The first Web Standards meeting in Singapore took place this evening at Raffles Girls’ School. The turnout wasn’t large, but new friendships were made, and I could now put human faces to personalities I’d been conversing with online, for years.
Lucian began by giving an introduction to web standards, recalling the good old browser war days.
Lucian also elaborated on the aims of the Web Standards Group here in Singapore. We will promote the use of web standards in Singapore. The group comprises people from Education, Private and Public sectors. We will share technical know-how with each other, and help to spread the word.
Next, Coleman gave a presentation titled “How to bluff your way through web accessibility”. However I don’t think he was bluffing us very much in the end 😉
He noted that in the physical world, there is legislation – such as the Building Control Act 1989 in Singapore – which ensures that the disabled can move around in buildings.
On the web, however, the disabled still have problems accessing information. Coleman showed a video of a visually disabled person using a screen reader. They take a longer time to receive information aurally. They can’t use devices like mice because they don’t know where to point to. Label your images so that these users can at least know what they are.
Coleman gave a good analogy about the importance of standards. What if, for instance, you tried to watch a new DVD, only to discover that it won’t play on your screen as it’s not big and new enough? (An allusion to websites that can only be viewed in certain resolutions using certain browsers, etc)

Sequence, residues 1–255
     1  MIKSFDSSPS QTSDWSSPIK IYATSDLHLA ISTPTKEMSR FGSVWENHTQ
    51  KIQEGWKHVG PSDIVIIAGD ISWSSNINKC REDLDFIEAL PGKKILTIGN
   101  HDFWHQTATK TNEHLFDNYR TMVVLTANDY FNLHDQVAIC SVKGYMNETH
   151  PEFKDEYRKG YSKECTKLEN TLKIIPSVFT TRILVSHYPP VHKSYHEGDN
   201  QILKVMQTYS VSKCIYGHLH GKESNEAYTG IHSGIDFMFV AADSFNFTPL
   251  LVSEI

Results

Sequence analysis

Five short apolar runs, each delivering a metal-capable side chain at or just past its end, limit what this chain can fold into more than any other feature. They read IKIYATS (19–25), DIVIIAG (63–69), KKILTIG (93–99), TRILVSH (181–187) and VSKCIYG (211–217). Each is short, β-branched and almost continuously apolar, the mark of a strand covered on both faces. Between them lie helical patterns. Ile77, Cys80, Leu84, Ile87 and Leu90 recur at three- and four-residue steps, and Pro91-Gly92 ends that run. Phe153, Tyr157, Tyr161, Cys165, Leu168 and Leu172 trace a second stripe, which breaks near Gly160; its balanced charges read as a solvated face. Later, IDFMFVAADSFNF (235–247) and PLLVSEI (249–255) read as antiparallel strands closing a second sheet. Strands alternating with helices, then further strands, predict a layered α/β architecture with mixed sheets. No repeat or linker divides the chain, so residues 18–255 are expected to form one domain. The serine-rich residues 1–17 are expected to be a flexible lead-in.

He introduced the Web Accessibility Initiative (WAI), the Web Content Accessibility Guidelines (WCAG) and its different checkpoints, as well as Section 508 which requires Federal agencies to have accessible websites.
Lucian and a few others also noted that the Dutch government just made accessibility mandatory for their websites as well. I think the private sector worldwide will take a longer time to catch on, as most have yet to see the business value of web standards. Oh well, there’s never been a better time to ‘Go Dutch’!
Our third and final presenter, Nick Pan, showed Natalie Jost’s diagram, illustrating the separation of markup, presentation and behaviour.
He explained how using web standards will allow programmers and designers to work concurrently, as opposed to waiting for each other to complete their work, save the files and pass it to the next person in the production line.
He demonstrated how CSS lists were used in one of his projects, which had a multiple-tiered navigation bar.
Russ Weakley, the guy who created the very useful Listamatic, will be in Singapore to give a CSS workshop. More details over at Pebbleroad.
So far, I’ve heard two types of very contrasting reactions about this full-day workshop. It’s priced at S$350 (that’s US$230 going by an exchange rate of 1.55) but the reactions I’ve received so far go along the lines of “So expensive!” or “So worth it!”.
I know $350 is a lot of money to some people, especially if you’re in a small company or a freelancer. Pitching web standards when everyone else at work is concerned about the bottomline and whether it will cost more time and money to implement, is difficult but not impossible if you know how to put across its benefits from the viewpoint of your bosses. Easier said than done, isn’t it!
I worked as a web designer for the first 4 years of my career. I’ve since become the client, and web coding is no longer a key part of my job. Project management and new media innovation/development, is. Still, I hope to work with designers who practice web standards, because knowing that there are nested tables, spacer gifs, font tags and other bloated code in there somewhere, makes me feel uneasy.
At least I can now go to SXSW this year, look Jeffrey Zeldman in the face, and tell him that we have finally done something about Web Standards in Singapore.
[Update: We’ll keep a list of everyone’s accounts of the events, on WebSG, so head over there. Join our mailing list! ]
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